Disclaimer: This review contains spoilers and discusses theories
This is the first episode of Westworld that doesn’t open with Dolores being interrogated. These scenes have shown Dolores in a pliant and passive light, and the decision not to open with such a scene foreshadows a change for the character. She has been growing sharper and more confident over the last few weeks, and in Contrapasso her transformation gets an exclamation point. Halfway through the episode, she and William are cornered by ‘Confederados’. It looks as if they are set for a gloomy fate. To William’s shock, Dolores suddenly and savagely guns down the villains. Twirling her smoking weapon like an ace gunslinger, she drawls, “You said people come here to change the story of their lives. I imagined a story where I didn’t have to be the damsel.” She then grabs William by the hand and they run off into the night. She leads the way. Not subtle, but it works.
This will likely be remembered as the signature moment of Episode 5, but it wasn’t the only interesting thing Dolores was up to this week. She did have an interrogation session after all. The always unsettling Ford quizzes her about her last conversation with Arnold, and she tells him it was 34 years ago. After he leaves, though, she speaks to an invisible presence. “I didn’t tell him anything,” she says. She has learned to lie even in analysis mode. The humans better be afraid.
Is Arnold the voice in Dolores’ head, the presence that she seems to perceive? Many of the shows secrets seem to now be converging around Ford’s mysterious former partner. Theories abound. One is that Ford himself is Arnold. This seems to be supported by the fact that he asks Dolores “Do you remember the man I used to be?” and immediately follows this up with “Do you remember Arnold?” Are those two separate questions, or a sneakily written line? Another theory claims that Bernard is an AI, one that Ford modeled after Arnold to assuage his guilt at Arnold’s death. Both Arnold and Bernard are revealed to have lost children, so maybe there is something to this. My own wild instinct is that Ford himself is a robot – the ultimate culmination of Arnold’s work. If he is integrated into park programming, it would explain why he is able to pause the entire park with the flick of a wrist. It also lends greater meaning to the Man in Black (MIB)’s threat to Ford this week – “I wonder what I’ll find if I cut you open.”
This interaction between Ford and MIB was an unexpected treat. To nobody’s surprise, Anthony Hopkins and Ed Harris played off each other beautifully, and their conversation dropped even more tantalizing hints. It turns out that MIB thinks the center of the maze is a higher ‘truth’ that Arnold left behind. He believes there is something more profound to the gameplay than mindless sex and violence. “If you want to know the moral of the story, you could just ask,” Ford says. The reply is immediate: “I’d need a shovel. The man I’d be asking died 35 years ago. Almost took this place with him. Almost, but not quite, thanks to me.” What exactly did MIB do to save the park? Did he get some kind of lifetime pass in return? Why would Arnold have the answer and not Ford? Is this more evidence for the Ford-as-an-AI theory?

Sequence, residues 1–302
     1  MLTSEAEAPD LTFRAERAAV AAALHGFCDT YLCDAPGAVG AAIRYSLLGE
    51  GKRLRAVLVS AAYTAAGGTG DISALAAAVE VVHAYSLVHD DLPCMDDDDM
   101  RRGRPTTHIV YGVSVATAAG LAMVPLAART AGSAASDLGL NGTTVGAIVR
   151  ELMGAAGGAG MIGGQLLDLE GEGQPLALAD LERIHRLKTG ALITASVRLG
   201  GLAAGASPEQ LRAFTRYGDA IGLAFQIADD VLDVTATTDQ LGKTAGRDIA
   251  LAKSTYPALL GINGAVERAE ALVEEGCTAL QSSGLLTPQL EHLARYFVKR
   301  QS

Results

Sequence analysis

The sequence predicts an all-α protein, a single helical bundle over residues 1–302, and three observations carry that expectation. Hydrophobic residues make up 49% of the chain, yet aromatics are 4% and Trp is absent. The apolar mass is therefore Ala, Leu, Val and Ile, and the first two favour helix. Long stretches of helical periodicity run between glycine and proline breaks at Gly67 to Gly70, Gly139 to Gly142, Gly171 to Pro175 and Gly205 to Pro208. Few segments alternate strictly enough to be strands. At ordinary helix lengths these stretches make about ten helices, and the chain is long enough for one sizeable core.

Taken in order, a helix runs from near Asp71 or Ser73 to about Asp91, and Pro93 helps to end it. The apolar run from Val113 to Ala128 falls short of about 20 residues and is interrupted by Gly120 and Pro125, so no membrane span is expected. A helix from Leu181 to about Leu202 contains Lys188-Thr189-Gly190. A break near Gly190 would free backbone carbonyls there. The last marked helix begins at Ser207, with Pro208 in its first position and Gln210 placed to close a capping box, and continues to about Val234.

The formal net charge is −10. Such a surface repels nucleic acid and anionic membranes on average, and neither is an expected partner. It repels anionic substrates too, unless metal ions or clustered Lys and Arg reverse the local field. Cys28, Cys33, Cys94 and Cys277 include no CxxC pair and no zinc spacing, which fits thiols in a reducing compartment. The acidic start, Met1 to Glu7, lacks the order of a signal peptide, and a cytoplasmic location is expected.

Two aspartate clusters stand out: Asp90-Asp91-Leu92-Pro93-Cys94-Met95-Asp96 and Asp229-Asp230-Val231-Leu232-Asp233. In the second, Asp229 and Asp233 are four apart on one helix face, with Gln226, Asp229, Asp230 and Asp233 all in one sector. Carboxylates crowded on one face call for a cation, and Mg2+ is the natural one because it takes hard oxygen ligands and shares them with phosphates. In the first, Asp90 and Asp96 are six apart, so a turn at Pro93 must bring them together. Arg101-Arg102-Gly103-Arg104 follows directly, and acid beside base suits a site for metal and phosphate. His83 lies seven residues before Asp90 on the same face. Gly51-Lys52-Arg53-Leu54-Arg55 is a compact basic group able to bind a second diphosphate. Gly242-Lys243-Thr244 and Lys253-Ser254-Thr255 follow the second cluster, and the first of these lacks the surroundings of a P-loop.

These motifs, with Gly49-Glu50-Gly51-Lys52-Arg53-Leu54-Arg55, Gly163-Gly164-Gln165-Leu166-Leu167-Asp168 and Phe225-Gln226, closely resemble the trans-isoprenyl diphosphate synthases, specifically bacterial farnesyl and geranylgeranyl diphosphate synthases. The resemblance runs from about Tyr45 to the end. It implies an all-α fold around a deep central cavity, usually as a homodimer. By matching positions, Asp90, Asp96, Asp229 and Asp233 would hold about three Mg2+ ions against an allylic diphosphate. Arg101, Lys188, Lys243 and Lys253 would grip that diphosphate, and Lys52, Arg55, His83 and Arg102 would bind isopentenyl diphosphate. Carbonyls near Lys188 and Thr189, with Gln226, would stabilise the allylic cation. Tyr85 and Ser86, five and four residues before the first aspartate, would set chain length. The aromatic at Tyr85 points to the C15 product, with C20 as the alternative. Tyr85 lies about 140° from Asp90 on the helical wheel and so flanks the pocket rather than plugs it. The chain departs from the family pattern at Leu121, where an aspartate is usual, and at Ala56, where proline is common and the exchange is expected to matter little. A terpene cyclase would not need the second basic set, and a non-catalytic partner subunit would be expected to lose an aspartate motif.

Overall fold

MIB also lets slip another intriguing detail when he tells Teddy that the real world is “one of plenty”. Does this mean that there are other parks with other themes? The original Westworld film referenced ‘Roman World’ and ‘Medieval World’, so it’s a definite possibility. (Can you imagine if Game of Thrones turned out to be a park on Westworld? Hahahaha) Or is MIB making some kind of comment on the nature of reality that could encompass everything from simulated reality to parallel universes? We also learned this week that someone has been smuggling data out of the park – is this corporate espionage or something more sinister?
It also turns out that in addition to pleasure, Logan and William’s trip to Westworld could be about business too. The park has been ‘haemorrhaging cash’, and the duo’s company may be looking to buy it out. This isn’t the only takeover brewing though. In another “I’m not the damsel” moment, the episode closes with Maeve awakening on the operating table in the ‘real’ world. She knows the technician’s name, and appears to have full awareness of who and where she is. “Hello, Felix,” she says. “It’s time you and I had a little chat.”
There is seemingly no limit to where this show can go, and that is tremendously exciting. Nolan and co. seem to be sprinting confidently after several complex storylines. I just hope that unlike the greyhound in Ford’s story, they know what to do when they catch them.
Overall Rating: 4.5 / 5
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Disclaimer: This review contains spoilers and speculation. With secret marriages, planted letters and even a "Bhaiyya, main maa banne waali hoon" moment, this week's Game of Thrones felt more like the world's dressiest soap opera than anything else. The lack of major...read more